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Senior Product Designer at Dialpad; formerly Stack Overflow Joined over 9 years ago via an invitation from Matt G.
@Casey — How often does your team meetup in person?
Re: Setting work hours— Yes, this is a temptation—especially if you enjoy your work. "Just five more minutes…" turns into another hour too many times. The thing that has helped me here are two things:
1. Set working hours for yourself—and keep them! There will always be days where your schedule may change, but for the most part lock in a limit. For me it's 8:30am-5:30pm. When 5:30pm comes around, I stop working. Everything will be there tomorrow. Nothing will burn down. You need to make sure your leaving margin in your life for others and yourself outside of work.
2. Have a dedicated work area. Some people I know like to move around the house all day depending on how they feel. I find when I do that, it's hard for me to disconnect after-hours. Instead I have a dedicated work area where I always work when I'm home and when I'm done I walk away and try to stay away from that area when I'm not working.
Re: Isolation / Human interaction— If you're a person who feeds off of interacting with others, I'd recommend looking into a coworking space—at least a day or so a week. If you don't want to make a commitment like that, at least designate a day you try and go to a favorite coffee shop. Look for local freelancer groups on Meetup or other websites to meet up with. That helped me a lot when I first made the transition to remote. Now I don't need it as much, but I still try and get out every couple of weeks. Also I've found other ways to get out, like joining a gym and attending classes.
@Matt — I didn't use any tools unique for remote teams. Remote team members formalize your communication process further. I still used Google Docs, Calendar, Gmail, Slack, Trello, GitHub, JIRA, etc like when I was in an office.
Re: Working across timezones— Again here is making sure you document and communicate progress, ideas, and roadblocks to your teammates so they can respond when they're able to. You can still communicate that you need feedback within a certain amount of time, but you're also accommodating their schedule and work hours as well.
Re: Not feeling trapped in your house— When I was first starting out, the best advice I got was to get out at least once a week to stave off cabin fever. I found a group of local freelancers and other remote workers and we scheduled weekly meetups. I don't get out as much anymore, but I've also gotten used to working from home and value my ability to work in silence (most of the time).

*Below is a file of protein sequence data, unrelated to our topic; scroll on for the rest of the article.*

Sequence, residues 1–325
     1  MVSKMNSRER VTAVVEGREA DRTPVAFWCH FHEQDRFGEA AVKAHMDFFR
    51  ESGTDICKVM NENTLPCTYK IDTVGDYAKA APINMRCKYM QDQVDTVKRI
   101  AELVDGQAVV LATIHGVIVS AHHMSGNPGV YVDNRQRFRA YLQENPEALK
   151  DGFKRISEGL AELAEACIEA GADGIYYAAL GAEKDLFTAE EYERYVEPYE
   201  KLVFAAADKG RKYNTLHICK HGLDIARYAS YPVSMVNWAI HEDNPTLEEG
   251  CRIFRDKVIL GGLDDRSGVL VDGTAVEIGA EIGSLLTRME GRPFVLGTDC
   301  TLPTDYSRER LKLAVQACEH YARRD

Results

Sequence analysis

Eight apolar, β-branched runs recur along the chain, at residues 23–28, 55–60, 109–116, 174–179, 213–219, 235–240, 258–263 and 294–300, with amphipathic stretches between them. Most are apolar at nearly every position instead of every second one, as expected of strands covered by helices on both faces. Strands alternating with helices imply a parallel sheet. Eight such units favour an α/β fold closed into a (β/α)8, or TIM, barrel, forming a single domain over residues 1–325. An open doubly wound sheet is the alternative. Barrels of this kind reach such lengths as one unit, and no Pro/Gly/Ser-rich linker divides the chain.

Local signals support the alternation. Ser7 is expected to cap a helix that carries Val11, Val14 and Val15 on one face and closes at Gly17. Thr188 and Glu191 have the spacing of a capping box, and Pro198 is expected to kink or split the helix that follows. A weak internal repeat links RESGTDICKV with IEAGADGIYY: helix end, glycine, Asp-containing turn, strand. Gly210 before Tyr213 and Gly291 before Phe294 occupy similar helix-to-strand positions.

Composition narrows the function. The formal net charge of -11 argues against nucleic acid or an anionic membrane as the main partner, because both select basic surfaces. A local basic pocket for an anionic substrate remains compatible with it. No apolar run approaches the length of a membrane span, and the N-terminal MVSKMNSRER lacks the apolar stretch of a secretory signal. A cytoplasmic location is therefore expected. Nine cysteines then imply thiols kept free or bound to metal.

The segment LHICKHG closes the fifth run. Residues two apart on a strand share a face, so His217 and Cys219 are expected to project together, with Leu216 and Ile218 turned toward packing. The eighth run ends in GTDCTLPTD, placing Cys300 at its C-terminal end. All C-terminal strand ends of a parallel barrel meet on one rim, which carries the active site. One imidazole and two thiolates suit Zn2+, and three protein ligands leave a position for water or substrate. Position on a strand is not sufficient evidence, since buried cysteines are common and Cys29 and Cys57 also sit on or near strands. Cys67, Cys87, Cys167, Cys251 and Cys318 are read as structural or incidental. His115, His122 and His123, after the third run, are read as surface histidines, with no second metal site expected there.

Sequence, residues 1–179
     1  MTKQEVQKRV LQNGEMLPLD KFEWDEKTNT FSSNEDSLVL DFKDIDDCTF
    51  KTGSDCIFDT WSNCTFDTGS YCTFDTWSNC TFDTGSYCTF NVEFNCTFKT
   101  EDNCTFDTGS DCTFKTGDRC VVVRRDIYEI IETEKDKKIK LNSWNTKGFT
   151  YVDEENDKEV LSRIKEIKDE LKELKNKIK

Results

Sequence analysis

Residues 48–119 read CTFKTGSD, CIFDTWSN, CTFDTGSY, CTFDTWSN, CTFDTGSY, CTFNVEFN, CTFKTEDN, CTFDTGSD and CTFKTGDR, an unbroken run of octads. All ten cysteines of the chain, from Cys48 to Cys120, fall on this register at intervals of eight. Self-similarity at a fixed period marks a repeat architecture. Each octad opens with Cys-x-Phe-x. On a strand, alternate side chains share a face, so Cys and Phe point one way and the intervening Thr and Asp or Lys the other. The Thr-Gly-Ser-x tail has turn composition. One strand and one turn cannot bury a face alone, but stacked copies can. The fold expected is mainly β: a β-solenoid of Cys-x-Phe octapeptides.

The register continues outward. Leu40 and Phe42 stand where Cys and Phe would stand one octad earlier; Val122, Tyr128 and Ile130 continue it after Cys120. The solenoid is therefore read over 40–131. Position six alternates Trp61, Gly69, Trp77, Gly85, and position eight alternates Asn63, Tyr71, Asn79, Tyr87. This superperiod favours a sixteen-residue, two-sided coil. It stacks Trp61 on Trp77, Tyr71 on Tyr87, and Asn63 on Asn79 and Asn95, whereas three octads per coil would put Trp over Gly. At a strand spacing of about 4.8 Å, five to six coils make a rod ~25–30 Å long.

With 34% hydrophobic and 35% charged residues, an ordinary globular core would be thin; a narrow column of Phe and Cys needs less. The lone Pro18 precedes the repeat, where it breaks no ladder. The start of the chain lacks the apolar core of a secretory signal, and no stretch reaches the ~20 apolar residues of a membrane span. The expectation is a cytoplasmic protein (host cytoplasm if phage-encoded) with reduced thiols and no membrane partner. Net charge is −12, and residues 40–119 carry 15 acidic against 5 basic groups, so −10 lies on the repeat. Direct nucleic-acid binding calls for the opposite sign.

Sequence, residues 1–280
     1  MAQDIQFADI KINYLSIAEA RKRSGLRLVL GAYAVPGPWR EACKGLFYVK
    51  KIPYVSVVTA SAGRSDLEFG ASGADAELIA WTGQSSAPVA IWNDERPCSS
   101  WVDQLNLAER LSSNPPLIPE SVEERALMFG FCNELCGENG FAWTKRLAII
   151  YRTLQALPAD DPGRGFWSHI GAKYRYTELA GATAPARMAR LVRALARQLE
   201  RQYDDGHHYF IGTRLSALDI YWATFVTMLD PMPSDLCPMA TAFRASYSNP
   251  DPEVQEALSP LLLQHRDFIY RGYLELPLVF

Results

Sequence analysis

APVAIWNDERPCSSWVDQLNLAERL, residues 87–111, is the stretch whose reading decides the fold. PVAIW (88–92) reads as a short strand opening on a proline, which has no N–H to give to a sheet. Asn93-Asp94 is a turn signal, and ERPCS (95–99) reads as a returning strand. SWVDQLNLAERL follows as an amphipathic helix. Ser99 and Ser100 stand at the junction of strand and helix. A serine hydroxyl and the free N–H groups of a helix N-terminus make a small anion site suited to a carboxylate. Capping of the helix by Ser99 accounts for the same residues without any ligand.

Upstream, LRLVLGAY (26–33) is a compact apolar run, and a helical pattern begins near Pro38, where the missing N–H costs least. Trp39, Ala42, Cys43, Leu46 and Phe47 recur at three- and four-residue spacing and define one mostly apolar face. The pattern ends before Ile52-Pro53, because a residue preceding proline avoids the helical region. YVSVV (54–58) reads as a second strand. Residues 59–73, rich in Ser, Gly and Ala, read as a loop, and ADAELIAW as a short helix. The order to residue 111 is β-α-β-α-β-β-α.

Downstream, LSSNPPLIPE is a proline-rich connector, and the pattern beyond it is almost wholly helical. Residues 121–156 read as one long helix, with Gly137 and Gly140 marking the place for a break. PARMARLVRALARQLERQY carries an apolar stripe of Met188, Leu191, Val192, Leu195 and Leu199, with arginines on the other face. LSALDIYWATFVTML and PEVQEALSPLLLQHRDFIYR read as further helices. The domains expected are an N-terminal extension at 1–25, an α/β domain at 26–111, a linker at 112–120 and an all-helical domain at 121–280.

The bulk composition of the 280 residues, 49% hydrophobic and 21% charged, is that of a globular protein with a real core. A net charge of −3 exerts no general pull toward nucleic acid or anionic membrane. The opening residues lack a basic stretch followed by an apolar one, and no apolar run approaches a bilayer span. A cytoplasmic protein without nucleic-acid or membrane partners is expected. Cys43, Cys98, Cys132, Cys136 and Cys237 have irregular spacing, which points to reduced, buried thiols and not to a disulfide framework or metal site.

@Rowan — Do you have specific questions about what it's like to work remotely? I've worked remotely full-time for the last ~6 years, working as a Senior Product Designer for Stack Overflow and Dialpad. As I made the transition from Stack Overflow earlier this year, I compiled some thoughts on 5 lessons learned after working remotely for 5 years. If you have specific questions, let me know.
My 2 cents here: This isn't a problem relegated to junior designers. This problem exists no matter how much experience you have. While you might qualify for more jobs when you have more experience, you also will have more demands then you do right now (because you're older and possibly have more responsibilities to consider) and finding a match with an employer is still a problem.
My advise here piggybacks on what others have said:
First: Great goal! I hope you hit your goal. That said…
Second: If you haven't built reading time into your regular schedule, you might find reading almost a book a week a bit ambitious. If you have and you can read that much: awesome! Personally I'd love to read that many books but life gets in the way. My goal this year is 24 books.
Third: +1 for fiction writing. Writing which stirs the imagination can help feed your creativity.
Here are some books I've enjoyed recently (fiction, and non-fiction):
Devil in the White City is a great book.
Lack of case studies is a bummer though.
Story link? Never mind. Found it
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